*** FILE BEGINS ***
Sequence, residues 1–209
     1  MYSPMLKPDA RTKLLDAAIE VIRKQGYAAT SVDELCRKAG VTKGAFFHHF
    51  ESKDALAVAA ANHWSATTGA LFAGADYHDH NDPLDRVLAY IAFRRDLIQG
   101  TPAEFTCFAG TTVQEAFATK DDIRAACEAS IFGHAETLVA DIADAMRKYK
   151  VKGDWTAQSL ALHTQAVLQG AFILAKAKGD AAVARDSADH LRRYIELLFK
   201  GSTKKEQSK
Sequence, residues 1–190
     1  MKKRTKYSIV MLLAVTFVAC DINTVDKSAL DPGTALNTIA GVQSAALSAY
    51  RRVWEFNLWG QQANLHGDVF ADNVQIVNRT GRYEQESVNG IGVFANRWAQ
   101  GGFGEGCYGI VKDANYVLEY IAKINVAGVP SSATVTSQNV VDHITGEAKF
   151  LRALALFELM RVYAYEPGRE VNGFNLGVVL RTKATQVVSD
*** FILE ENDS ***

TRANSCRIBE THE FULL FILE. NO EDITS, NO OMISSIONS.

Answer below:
Sequence, residues 1–209
     1  MYSPMLKPDA RTKLLDAAIE VIRKQGYAAT SVDELCRKAG VTKGAFFHHF
    51  ESKDALAVAA ANHWSATTGA LFAGADYHDH NDPLDRVLAY IAFRRDLIQG
   101  TPAEFTCFAG TTVQEAFATK DDIRAACEAS IFGHAETLVA DIADAMRKYK
   151  VKGDWTAQSL ALHTQAVLQG AFILAKAKGD AAVARDSADH LRRYIELLFK
   201  GSTKKEQSK
Sequence, residues 1–190
     1  MKKRTKYSIV MLLAVTFVAC DINTVDKSAL DPGTALNTIA GVQSAALSAY
    51  RRVWEFNLWG QQANLHGDVF ADNVQIVNRT GRYEQESVNG IGVFANRWAQ
   101  GGFGEGCYGI VKDANYVLEY IAKINVAGVP SSATVTSQNV VDHITGEAKF
   151  LRALALFELM RVYAYEPGRE VNGFNLGVVL RTKATQVVSD